Adobe's Project Primetime Will Stream Olympics to U.K. Viewers
Using two Primetime components, the BBC will create live streams and instant highlights in a unified workflow.
Adobe announced today that its new Project Primetime platform is going to the Olympics. The Primetime platform brings ad-supported TV content to the whole range of connected devices, including desktops, tablets, smartphones, and smart TVs. It offers broadcasters a single end-to-end workflow for creating and distributing content.
The BBC will uses two Primetime components for its online video distribution: Primetime Simulcast and Primetime Highlights. Primetime Simulcast uses Adobe Media Server technology, taking live broadcast feeds and streaming them to connected devices. Primetime Highlights lets a broadcast team create highlight clips instantly, using a single workflow for multiple screens.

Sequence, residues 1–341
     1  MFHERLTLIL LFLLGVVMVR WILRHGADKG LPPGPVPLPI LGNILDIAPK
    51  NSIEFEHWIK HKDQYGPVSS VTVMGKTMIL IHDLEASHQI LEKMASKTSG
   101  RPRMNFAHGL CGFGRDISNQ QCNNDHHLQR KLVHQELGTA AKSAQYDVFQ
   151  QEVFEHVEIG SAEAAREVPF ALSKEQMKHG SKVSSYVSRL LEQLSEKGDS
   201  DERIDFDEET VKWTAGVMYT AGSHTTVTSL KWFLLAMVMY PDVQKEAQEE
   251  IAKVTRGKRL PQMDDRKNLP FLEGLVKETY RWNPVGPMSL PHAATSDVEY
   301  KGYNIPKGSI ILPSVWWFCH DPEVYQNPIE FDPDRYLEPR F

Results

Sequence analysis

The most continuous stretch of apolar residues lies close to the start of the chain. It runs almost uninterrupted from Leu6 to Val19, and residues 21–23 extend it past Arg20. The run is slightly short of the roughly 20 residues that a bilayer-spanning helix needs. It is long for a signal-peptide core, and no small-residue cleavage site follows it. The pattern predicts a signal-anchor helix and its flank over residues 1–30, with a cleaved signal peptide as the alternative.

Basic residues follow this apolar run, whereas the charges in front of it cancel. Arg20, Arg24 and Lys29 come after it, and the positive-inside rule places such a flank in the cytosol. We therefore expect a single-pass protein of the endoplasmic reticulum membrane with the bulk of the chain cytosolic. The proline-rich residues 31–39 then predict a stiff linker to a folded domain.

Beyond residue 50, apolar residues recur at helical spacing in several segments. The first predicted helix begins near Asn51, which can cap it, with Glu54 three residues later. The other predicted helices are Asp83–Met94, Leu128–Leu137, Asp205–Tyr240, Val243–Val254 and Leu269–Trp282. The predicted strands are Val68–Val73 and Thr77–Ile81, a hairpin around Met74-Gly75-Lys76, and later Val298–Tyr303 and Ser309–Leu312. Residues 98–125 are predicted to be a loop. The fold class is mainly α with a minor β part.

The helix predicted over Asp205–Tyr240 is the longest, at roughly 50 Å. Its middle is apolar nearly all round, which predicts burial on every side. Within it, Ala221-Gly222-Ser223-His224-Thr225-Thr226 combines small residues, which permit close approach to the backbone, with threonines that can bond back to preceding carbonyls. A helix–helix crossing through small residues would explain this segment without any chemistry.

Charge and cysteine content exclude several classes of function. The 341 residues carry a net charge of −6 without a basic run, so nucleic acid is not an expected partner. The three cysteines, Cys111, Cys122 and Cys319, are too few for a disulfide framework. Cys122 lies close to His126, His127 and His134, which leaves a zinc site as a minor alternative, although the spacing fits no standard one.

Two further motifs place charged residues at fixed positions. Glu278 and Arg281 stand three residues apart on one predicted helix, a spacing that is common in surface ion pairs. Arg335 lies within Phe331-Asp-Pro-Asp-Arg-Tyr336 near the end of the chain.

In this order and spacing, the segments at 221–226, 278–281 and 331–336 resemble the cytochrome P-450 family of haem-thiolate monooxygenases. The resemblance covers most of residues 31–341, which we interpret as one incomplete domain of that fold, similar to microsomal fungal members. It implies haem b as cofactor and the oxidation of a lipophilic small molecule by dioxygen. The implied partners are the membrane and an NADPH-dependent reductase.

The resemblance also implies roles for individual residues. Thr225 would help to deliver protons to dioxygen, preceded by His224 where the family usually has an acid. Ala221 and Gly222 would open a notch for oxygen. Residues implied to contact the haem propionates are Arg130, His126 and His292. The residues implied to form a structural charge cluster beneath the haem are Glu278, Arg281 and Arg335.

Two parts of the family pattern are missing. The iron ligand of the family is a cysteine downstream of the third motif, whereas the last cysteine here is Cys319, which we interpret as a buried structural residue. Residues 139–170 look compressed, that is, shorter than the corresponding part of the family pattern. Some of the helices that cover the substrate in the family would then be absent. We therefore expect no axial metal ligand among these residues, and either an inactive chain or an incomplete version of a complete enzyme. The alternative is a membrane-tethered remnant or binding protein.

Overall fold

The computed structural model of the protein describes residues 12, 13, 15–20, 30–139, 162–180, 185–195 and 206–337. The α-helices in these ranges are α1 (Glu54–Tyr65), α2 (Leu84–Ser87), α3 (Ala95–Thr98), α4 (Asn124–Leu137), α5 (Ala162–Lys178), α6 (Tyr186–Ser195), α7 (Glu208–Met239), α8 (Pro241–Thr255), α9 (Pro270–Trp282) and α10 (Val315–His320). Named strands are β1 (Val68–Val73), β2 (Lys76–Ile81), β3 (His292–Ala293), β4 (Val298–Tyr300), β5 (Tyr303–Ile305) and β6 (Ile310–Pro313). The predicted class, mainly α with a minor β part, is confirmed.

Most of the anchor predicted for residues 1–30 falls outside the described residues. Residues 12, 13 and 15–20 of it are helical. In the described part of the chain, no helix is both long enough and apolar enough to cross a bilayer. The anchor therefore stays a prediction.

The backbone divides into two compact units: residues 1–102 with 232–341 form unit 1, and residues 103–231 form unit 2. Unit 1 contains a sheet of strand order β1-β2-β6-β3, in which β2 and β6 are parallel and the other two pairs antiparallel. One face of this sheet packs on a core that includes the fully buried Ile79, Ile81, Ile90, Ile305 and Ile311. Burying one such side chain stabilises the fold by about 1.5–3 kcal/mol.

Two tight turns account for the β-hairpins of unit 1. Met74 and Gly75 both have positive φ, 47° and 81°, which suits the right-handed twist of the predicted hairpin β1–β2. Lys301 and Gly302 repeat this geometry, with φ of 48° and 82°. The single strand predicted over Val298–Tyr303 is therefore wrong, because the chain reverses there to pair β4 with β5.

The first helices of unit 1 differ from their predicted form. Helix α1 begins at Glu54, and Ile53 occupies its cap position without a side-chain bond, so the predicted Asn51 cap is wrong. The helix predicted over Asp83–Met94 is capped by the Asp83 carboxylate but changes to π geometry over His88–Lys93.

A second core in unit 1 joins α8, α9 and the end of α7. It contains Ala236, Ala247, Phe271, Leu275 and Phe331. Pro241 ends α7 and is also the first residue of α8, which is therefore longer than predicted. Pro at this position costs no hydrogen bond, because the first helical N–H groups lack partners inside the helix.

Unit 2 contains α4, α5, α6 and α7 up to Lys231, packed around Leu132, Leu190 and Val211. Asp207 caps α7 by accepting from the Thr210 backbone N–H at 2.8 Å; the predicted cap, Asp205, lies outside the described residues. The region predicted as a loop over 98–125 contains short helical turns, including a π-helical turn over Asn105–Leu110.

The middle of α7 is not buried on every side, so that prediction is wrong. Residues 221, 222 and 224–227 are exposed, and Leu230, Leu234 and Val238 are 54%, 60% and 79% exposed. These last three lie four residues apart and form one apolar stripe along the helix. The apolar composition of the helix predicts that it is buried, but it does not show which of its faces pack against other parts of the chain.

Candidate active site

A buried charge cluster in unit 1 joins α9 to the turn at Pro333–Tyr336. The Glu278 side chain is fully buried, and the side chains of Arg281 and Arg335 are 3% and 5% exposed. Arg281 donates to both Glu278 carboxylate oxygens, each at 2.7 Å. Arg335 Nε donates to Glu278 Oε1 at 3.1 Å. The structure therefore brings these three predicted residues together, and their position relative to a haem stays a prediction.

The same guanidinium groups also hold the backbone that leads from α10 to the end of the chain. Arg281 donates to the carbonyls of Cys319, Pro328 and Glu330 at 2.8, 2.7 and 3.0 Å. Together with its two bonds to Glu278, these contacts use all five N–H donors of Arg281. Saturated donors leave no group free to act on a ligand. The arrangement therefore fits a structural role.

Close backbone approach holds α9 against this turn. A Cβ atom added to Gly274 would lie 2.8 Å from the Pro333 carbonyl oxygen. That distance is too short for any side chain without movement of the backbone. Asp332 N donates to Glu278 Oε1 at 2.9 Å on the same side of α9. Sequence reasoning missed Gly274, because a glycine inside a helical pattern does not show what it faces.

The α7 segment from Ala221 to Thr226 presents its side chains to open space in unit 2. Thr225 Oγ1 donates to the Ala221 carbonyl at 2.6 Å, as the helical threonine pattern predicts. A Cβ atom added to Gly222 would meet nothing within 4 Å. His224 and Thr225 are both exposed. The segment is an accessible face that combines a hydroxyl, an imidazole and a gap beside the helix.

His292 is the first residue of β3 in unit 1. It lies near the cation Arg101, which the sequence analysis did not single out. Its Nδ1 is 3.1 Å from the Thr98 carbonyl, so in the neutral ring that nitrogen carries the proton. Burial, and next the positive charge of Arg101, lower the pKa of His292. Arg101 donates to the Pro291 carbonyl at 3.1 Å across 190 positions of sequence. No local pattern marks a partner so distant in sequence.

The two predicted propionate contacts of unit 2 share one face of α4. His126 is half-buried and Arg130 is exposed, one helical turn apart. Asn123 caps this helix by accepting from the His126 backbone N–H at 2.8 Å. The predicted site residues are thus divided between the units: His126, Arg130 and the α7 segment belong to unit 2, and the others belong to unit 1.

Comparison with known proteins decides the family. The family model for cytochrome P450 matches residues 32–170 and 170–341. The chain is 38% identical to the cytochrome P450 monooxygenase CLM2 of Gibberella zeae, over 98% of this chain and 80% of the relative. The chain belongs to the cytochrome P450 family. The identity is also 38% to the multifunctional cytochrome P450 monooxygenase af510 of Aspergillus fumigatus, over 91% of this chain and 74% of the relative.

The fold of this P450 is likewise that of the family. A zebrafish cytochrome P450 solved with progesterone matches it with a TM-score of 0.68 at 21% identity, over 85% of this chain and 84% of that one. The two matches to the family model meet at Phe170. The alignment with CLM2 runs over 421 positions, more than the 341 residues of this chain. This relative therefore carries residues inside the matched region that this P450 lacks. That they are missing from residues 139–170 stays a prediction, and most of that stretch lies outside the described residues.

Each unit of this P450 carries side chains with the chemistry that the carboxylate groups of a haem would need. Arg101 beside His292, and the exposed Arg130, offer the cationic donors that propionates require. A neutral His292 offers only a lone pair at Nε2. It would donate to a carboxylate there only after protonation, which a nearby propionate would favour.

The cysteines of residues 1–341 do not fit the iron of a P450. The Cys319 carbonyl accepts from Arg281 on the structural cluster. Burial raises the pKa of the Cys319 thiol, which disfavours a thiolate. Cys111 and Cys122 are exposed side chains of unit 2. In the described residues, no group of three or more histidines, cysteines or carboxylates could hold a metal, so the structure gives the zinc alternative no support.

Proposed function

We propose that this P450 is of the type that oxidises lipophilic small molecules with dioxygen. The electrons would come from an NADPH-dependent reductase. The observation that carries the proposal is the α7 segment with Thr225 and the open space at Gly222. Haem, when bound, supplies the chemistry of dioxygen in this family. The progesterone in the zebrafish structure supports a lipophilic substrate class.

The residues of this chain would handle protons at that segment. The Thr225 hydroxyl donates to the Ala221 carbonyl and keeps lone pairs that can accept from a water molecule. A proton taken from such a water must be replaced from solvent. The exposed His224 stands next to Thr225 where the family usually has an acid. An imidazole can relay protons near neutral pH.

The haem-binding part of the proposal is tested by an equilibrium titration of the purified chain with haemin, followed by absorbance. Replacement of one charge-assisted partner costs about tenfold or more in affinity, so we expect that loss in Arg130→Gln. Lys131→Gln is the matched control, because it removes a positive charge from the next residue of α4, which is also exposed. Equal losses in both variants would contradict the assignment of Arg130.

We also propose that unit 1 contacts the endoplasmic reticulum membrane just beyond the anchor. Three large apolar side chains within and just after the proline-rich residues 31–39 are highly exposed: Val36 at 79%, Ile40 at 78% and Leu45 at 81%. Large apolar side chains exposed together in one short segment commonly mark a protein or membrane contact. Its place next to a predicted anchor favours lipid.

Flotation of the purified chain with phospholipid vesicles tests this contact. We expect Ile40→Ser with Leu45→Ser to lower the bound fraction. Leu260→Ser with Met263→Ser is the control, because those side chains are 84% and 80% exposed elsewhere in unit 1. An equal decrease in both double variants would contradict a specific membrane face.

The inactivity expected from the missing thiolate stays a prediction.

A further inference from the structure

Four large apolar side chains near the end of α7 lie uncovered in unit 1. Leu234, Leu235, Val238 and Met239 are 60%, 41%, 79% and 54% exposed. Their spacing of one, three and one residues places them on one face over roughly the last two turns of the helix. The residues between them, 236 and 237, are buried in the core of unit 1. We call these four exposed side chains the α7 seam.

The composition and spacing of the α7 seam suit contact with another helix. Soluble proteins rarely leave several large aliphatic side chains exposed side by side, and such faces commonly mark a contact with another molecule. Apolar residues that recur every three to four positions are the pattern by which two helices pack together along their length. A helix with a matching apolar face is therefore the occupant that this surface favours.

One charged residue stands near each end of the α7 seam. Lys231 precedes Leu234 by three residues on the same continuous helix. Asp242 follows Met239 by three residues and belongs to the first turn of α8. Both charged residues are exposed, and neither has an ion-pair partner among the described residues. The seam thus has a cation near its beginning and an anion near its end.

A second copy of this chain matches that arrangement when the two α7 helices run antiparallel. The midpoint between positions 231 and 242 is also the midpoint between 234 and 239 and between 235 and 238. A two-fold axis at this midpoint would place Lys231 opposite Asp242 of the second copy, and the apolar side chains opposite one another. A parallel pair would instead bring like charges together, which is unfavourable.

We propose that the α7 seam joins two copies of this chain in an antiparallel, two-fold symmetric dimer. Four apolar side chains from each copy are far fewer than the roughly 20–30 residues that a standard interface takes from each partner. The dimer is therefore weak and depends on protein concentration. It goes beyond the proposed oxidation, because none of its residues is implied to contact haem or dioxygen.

Adobe began planning the project with the BBC in early 2012, before Project Primetime had its name. Failover and redundancy were key challenges, since Adobe needed to ensure that the platform was broadcast-ready, and that consumers didn't have their Olympic experiences interrupted. HTTP Dynamic Streaming (HDS) and HTTP Live Streaming (HLS) support also presented challenges.
Using Project Primetime, the BBC will provide 24 live HD streams with 2500 hours of coverage. Users will have control over which events they watch and in what order, and will be able to use pause and rewind features.
The full Project Primetime will be available in the second half of 2012.
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